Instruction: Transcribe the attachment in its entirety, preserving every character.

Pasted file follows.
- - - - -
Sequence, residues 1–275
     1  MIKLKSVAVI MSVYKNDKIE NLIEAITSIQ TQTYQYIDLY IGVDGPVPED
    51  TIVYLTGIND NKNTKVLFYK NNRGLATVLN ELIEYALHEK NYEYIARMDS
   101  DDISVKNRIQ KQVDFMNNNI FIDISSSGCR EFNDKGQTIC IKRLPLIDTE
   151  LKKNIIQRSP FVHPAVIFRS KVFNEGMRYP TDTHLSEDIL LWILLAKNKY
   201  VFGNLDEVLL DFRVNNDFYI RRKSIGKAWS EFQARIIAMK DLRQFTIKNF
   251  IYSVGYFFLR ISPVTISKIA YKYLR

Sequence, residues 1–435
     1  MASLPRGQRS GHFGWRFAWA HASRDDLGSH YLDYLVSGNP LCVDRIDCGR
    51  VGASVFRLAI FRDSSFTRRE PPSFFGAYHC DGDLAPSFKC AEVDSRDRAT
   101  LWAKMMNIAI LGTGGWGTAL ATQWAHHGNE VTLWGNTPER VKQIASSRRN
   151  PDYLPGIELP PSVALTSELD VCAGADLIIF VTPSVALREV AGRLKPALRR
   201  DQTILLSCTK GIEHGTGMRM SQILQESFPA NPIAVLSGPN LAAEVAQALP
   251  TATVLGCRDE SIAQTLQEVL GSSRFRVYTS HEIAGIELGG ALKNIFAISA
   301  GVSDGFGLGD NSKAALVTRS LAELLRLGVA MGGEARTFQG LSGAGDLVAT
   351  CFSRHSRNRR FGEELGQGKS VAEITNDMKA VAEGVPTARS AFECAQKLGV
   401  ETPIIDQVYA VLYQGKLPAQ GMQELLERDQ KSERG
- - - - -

Sequence, residues 1–275
     1  MIKLKSVAVI MSVYKNDKIE NLIEAITSIQ TQTYQYIDLY IGVDGPVPED
    51  TIVYLTGIND NKNTKVLFYK NNRGLATVLN ELIEYALHEK NYEYIARMDS
   101  DDISVKNRIQ KQVDFMNNNI FIDISSSGCR EFNDKGQTIC IKRLPLIDTE
   151  LKKNIIQRSP FVHPAVIFRS KVFNEGMRYP TDTHLSEDIL LWILLAKNKY
   201  VFGNLDEVLL DFRVNNDFYI RRKSIGKAWS EFQARIIAMK DLRQFTIKNF
   251  IYSVGYFFLR ISPVTISKIA YKYLR

Sequence, residues 1–435
     1  MASLPRGQRS GHFGWRFAWA HASRDDLGSH YLDYLVSGNP LCVDRIDCGR
    51  VGASVFRLAI FRDSSFTRRE PPSFFGAYHC DGDLAPSFKC AEVDSRDRAT
   101  LWAKMMNIAI LGTGGWGTAL ATQWAHHGNE VTLWGNTPER VKQIASSRRN
   151  PDYLPGIELP PSVALTSELD VCAGADLIIF VTPSVALREV AGRLKPALRR
   201  DQTILLSCTK GIEHGTGMRM SQILQESFPA NPIAVLSGPN LAAEVAQALP
   251  TATVLGCRDE SIAQTLQEVL GSSRFRVYTS HEIAGIELGG ALKNIFAISA
   301  GVSDGFGLGD NSKAALVTRS LAELLRLGVA MGGEARTFQG LSGAGDLVAT
   351  CFSRHSRNRR FGEELGQGKS VAEITNDMKA VAEGVPTARS AFECAQKLGV
   401  ETPIIDQVYA VLYQGKLPAQ GMQELLERDQ KSERG